Indian Rational Theology: Proof, Justification, and Epistemic Liberality in Nyaya's Argument for God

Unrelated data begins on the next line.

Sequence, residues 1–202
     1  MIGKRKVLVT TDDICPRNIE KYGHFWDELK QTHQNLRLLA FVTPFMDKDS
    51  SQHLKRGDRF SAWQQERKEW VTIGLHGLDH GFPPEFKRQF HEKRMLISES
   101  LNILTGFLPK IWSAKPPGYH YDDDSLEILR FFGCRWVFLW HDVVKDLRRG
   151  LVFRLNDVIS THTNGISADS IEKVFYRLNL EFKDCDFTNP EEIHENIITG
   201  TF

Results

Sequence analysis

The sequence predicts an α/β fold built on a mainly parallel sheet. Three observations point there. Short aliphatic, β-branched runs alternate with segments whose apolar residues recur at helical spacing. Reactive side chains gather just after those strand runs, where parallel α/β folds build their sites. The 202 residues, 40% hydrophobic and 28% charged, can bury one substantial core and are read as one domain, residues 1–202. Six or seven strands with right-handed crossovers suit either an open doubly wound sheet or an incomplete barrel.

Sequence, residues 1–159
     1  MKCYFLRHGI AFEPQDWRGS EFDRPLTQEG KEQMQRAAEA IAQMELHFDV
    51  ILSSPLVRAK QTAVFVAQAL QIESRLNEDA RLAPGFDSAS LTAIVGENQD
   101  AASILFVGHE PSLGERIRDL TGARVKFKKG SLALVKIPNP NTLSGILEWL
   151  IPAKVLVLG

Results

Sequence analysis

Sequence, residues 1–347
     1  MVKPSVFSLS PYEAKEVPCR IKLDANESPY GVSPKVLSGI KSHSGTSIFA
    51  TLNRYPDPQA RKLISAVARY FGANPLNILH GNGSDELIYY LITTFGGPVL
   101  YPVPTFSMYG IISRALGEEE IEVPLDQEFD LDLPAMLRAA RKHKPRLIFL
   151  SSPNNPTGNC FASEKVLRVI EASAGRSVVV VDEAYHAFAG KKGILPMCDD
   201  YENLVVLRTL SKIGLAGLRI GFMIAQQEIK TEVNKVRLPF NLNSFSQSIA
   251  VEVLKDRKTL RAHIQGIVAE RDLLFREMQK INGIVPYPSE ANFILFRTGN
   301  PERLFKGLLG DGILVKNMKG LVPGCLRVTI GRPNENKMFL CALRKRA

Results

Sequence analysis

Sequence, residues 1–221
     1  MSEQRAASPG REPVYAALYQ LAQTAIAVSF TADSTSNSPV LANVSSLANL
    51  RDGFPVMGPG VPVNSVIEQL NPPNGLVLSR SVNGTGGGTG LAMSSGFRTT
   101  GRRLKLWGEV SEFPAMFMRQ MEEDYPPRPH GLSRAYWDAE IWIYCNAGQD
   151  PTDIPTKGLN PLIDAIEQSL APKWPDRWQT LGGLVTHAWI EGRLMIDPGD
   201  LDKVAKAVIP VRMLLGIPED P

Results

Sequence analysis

In classical India, debates over rational theology naturally become the occasion for fundamental questions about the scope and power of inference itself. This is well evinced in the classical proofs for God by the Hindu Nyaya tradition and the opposing arguments of classical Buddhists and Mīmasa philosophers. This paper calls attention to, and provides analysis of, a number of key nodes in these debates, particularly questions of inferential boundaries and whether inductive reasoning has the power to support inferences to wholly unique entities (like God). Further questions probed involve the supposed connection between structured objects and agential creators, and the status of examples used in traditional inference. Further, it calls attention to and defends what may be called an epistemological liberalism, championed—paradoxically perhaps—by Nyaya, and opposed by Buddhists and Mīmasakas.
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